Jaundice is an abnormal condition in which the body fluids and tissues, particularly the skin and eyes, take on a yellowish color as a result of an excess of bilirubin.
During the normal breakdown of old red blood cells, their hemoglobin is converted into bilirubin. Normally the bilirubin is removed from the bloodstream by the liver and eliminated from the body in the bile, which passes from the liver into the intestines.
There are several conditions that may interrupt the elimination of bilirubin from the blood and cause jaundice. Hemolytic jaundice is caused by excessive disintegration of erythrocytes; it occurs in hemolytic and other types of anemia and in some infectious diseases such as malaria. Another type of jaundice results from obstruction in or about the liver; usually a stone or stricture of the bile duct blocks the passage of bile from the liver into the intestines. A third type of jaundice occurs when the liver cells are damaged by diseases such as hepatitis or cirrhosis of the liver; the damaged liver is unable to remove bilirubin from the blood. Treatment of jaundice is directed to the underlying cause. Many instances of obstructive jaundice may require surgery.
Signs, symptoms & indicators of Jaundice
(Probably) jaundiced eyes
Absence of jaundiced eyes
(Possibly) jaundiced skin
Risk factors for Jaundice
Jaundice is a yellowing of the skin and eyes that occurs when the diseased liver does not process enough bilirubin.
Jaundice suggests the following may be present
Recommendations for Jaundice
Serum bilirubin, liver enzymes (ALT and AST) and alkaline phosphatase are routine lab tests used to assist in determining the cause of jaundice.
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Yellow discoloration of the skin, whites of the eyes and excreta as a result of an excess of the pigment bilirubin in the bloodstream.
Red Blood Cell
Any of the hemoglobin-containing cells that carry oxygen to the tissues and are responsible for the red color of blood.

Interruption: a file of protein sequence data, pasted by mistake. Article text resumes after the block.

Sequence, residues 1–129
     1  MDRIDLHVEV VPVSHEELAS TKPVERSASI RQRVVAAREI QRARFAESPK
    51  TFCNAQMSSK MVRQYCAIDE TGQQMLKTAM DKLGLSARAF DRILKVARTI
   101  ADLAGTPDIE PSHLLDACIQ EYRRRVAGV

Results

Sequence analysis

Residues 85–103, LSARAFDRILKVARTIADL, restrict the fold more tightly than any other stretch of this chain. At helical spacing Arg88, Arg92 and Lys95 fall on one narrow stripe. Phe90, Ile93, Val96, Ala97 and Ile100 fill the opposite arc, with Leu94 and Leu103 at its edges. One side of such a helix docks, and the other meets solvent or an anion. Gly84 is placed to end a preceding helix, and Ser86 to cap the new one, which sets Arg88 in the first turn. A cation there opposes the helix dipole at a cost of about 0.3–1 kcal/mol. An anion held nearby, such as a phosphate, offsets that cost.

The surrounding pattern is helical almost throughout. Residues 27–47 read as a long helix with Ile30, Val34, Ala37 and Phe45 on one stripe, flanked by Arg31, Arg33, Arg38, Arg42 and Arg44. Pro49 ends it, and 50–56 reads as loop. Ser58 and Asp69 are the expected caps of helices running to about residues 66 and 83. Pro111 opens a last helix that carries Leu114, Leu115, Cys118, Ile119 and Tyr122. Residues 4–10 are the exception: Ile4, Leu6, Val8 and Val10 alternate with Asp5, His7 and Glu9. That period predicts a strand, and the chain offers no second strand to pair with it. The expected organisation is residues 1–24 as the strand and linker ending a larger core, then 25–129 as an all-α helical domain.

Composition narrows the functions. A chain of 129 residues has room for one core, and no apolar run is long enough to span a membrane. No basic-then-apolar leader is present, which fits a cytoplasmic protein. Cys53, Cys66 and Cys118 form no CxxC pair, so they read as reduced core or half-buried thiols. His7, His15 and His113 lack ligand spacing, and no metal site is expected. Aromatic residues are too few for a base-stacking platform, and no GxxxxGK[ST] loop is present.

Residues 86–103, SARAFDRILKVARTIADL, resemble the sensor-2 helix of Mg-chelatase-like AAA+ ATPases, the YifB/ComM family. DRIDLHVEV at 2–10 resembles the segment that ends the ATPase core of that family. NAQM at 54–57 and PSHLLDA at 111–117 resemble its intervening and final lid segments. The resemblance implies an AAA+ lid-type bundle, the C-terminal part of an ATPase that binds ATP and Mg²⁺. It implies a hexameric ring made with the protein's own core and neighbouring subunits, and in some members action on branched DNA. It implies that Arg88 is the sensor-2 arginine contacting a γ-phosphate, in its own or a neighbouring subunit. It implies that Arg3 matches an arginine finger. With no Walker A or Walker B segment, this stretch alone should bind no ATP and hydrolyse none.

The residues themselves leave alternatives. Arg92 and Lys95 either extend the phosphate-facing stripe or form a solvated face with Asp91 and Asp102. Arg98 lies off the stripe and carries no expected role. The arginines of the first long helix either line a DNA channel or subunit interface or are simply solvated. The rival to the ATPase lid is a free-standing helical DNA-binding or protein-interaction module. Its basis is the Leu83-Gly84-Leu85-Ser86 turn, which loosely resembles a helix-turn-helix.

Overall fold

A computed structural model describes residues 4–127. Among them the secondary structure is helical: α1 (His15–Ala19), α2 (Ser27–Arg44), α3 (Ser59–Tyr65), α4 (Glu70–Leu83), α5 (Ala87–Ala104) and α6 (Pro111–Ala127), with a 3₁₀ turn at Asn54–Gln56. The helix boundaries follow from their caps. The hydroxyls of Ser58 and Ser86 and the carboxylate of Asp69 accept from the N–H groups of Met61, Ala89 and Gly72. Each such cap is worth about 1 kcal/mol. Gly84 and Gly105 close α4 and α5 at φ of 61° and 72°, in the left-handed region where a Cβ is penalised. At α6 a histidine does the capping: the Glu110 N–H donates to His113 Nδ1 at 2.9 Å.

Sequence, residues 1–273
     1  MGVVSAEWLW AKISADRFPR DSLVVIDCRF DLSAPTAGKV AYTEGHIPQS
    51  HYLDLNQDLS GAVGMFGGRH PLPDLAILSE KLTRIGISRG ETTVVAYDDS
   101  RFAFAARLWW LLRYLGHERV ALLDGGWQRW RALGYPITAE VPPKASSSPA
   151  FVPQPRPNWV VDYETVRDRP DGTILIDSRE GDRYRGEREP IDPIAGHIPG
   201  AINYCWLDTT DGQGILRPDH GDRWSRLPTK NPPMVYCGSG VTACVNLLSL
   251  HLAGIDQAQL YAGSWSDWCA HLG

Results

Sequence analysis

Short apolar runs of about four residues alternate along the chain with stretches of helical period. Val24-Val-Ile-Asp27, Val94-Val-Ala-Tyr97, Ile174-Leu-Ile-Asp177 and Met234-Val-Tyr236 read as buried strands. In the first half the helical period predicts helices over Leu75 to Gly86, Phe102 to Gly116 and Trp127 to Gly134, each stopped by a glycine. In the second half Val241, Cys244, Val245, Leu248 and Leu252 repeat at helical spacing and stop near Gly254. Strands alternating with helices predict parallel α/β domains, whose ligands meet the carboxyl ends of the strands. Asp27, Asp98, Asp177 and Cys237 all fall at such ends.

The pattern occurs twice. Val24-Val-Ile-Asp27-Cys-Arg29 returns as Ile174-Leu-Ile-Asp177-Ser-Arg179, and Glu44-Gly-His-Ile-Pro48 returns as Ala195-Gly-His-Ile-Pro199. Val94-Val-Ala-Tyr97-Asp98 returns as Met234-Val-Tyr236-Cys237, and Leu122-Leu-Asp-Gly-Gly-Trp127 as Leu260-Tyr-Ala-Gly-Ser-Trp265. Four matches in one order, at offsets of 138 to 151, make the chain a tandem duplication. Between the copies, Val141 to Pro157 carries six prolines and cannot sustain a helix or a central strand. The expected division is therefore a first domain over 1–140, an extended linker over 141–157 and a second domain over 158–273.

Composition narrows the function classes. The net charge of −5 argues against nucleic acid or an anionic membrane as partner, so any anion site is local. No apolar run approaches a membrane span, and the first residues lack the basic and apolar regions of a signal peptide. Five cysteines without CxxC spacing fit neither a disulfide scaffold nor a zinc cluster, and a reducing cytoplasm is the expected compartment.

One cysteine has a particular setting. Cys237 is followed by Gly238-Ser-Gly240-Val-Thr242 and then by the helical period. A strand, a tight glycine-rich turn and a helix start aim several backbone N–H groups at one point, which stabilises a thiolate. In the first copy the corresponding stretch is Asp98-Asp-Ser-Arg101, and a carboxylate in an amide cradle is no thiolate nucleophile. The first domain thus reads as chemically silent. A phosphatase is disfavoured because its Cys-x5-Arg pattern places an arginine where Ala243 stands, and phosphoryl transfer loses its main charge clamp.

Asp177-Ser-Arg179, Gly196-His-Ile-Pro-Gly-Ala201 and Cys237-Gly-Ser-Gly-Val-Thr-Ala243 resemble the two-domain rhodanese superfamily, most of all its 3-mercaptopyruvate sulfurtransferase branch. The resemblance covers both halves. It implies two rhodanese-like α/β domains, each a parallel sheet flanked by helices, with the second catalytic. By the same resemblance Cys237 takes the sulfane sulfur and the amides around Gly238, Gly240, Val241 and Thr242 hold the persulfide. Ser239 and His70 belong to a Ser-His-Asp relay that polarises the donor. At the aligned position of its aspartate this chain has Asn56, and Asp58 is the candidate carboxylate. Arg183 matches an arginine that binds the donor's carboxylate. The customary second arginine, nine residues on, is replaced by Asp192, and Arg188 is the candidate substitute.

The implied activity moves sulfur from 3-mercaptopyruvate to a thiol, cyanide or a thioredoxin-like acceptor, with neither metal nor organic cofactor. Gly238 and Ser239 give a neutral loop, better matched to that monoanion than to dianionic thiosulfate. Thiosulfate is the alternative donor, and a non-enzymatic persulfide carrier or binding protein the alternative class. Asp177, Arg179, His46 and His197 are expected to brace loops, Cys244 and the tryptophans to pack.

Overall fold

The oxygen-carrying protein of the blood found in red blood cells.
A bitter, yellow-green secretion of the liver. Bile is stored in the gallbladder and is released when fat enters the first part of the small intestine (duodenum) in order to aid digestion.
A condition resulting from an unusually low number of red blood cells or too little hemoglobin in the red blood cells. The most common type is iron-deficiency anemia in which the red blood cells are reduced in size and number, and hemoglobin levels are low. Clinical symptoms include shortness of breath, lethargy and heart palpitations.
An abnormal narrowing of a bodily passage caused by, for example, scar tissue.
Inflammation of the liver usually resulting in jaundice (yellowing of the skin), loss of appetite, stomach discomfort, abnormal liver function, clay-colored stools, and dark urine. May be caused by a bacterial or viral infection, parasitic infestation, alcohol, drugs, toxins or transfusion of incompatible blood. Can be life-threatening. Severe hepatitis may lead to cirrhosis and chronic liver dysfunction.
A long-term disease in which the liver becomes covered with fiber-like tissue. This causes the liver tissue to break down and become filled with fat. All functions of the liver then decrease, including the production of glucose, processing drugs and alcohol, and vitamin absorption. Stomach and bowel function, and the making of hormones are also affected.